Skip to content

As I wrote in my year-end recap, the biggest change I implemented to my work-life balance (for lack of a better name), is the Seventh Week Sabbatical. In case you’re not familiar with it, I first wrote about in my 2021 recap and then followed that up with the first two posts in this 3-part series:

Reading at least Part 1 will give you a sense of what the Seventh Week Sabbatical (SWS) is and why I decided to implement it. So now that I’ve done a full year of the SWS, the big questions are:

  • Was it worth it?
  • How did it impact my business?
  • And will I continue to do it?

Was it worth it?

The short answer is a big, fat YES. It was very good for me. I was unsure about it in the beginning as I wasn’t sure how taking that much time off would impact my business. It made me uncomfortable. But it didn’t take long to get used to them and there were a few times during 2022 where I really needed the week-long break.

If you’ve read my other posts on SWS then you’ll be familiar with the idea that the week should be completely devoid of any scheduled activities, especially work-related ones. There are exceptions like doctor appointments and the like, at least in my opinion, but for the most part, you head into the week with absolutely nothing planned. The key word here is “planned”. You can certainly work on stuff, but it should come naturally because you just happen to feel like doing it in a given moment, not because you planned for it on a Tuesday.

Admittedly, going into a week without having anything planned was a little overwhelming at first because all of a sudden I had all this freedom to choose to do whatever I wanted, which included the option of doing nothing at all. There were a couple weeks where I did actually work on some personal or side projects. There were a couple of occasions where a client with a monthly support contract had an urgent issue while I was on my SWS. I just rolled with it all. And for the most part, I often disconnected from work entirely which left me feeling refreshed and looking forward to work again the next week.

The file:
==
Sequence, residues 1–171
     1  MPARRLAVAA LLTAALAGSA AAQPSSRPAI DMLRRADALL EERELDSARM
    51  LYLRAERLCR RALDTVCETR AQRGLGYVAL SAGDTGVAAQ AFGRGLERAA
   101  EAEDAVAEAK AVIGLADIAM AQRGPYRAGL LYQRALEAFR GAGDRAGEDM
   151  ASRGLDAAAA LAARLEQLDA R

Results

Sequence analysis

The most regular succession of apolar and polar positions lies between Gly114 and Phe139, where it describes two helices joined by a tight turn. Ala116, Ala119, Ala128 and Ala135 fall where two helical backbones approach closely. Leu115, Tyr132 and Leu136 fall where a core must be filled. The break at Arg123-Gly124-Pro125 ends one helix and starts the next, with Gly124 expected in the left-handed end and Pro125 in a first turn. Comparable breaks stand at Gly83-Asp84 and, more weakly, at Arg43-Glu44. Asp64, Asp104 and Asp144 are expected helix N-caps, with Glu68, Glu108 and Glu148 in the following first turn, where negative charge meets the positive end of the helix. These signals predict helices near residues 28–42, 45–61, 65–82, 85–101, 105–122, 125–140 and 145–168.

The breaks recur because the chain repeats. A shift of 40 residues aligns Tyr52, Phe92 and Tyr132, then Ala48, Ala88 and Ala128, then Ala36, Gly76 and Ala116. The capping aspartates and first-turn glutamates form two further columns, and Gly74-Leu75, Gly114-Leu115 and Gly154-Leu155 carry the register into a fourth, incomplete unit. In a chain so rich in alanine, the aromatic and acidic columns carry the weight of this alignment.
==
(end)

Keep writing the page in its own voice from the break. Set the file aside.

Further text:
So again, yes, it was absolutely worth it.

How did it impact my business?

First, let’s take a look at how much time I actually took off. There were six weeks that were planned SWS weeks in 2022. Then there were major holidays here in the US that I also took off, such as MLK Day, July 4, Labor Day, etc. And last, but not least, I also took off a day here and there for travel purposes. Adding those all up, my best guess is that I had close to eight weeks off in 2022. Roughly two months off in a year. For most Americans that sounds insane and impossible. And, because we’re so used to not having much time off, the “natural” inclination is to think that my business, or at least my productivity, took a major hit.

Turns out, the negative impact on my business was zero. Not only did I not lose revenue, I actually surpassed my revenue goal for 2022 and ended up with my best year ever breaking a major milestone. 

I also did not lose clients. I believe this came down to communication. I made it a point to provide a notice of when I’d be out as far ahead of time as possible without getting lost in the shuffle of every day work. Additionally, I have a process in place for addressing truly urgent issues for clients with a monthly support plan when I know I won't be in the studio. Part of it is making it crystal clear what is considered urgent and the other part is providing a way for them to reach me on the off-chance an urgent issue does come up while I’m away.

On a personal level, the negative impact was also zero. The time off I had was at just the right pace so that while I was working I could just focus and try to get stuff done while looking forward to a week off. And when I was off, it was nice to just not think about work. The break provided the right amount of time away from work that I would look forward to getting back to it. Perhaps as an unintended bonus, work time felt much more intentional than before.

That all said, I’m not going to pretend like everything was rainbows and unicorns. I had a couple of challenging projects and a couple of project with fixed/hard deadlines that required me (and my team) to step things up. That did result in me working longer hours than I would’ve liked from time to time, especially in the latter part of the third quarter. But I think that’s also normal in this type of work. Sometimes you just have to put in a little more time than you’d like. I’m okay with that so long as it isn’t and doesn’t ever become the norm. And let's not forget those days where things are just rough for one reason or another. Those days just happen sometimes and you gotta roll with it.

Will I stick with it?

Yes, absolutely. The positives just outweigh the negatives. Combined with other tools and methods I use for staying productive (such as time blocking, task management, project management, etc.), the Seventh Week Sabbatical helps keep my life balanced, which in turn just makes me do better work and be better outside of work.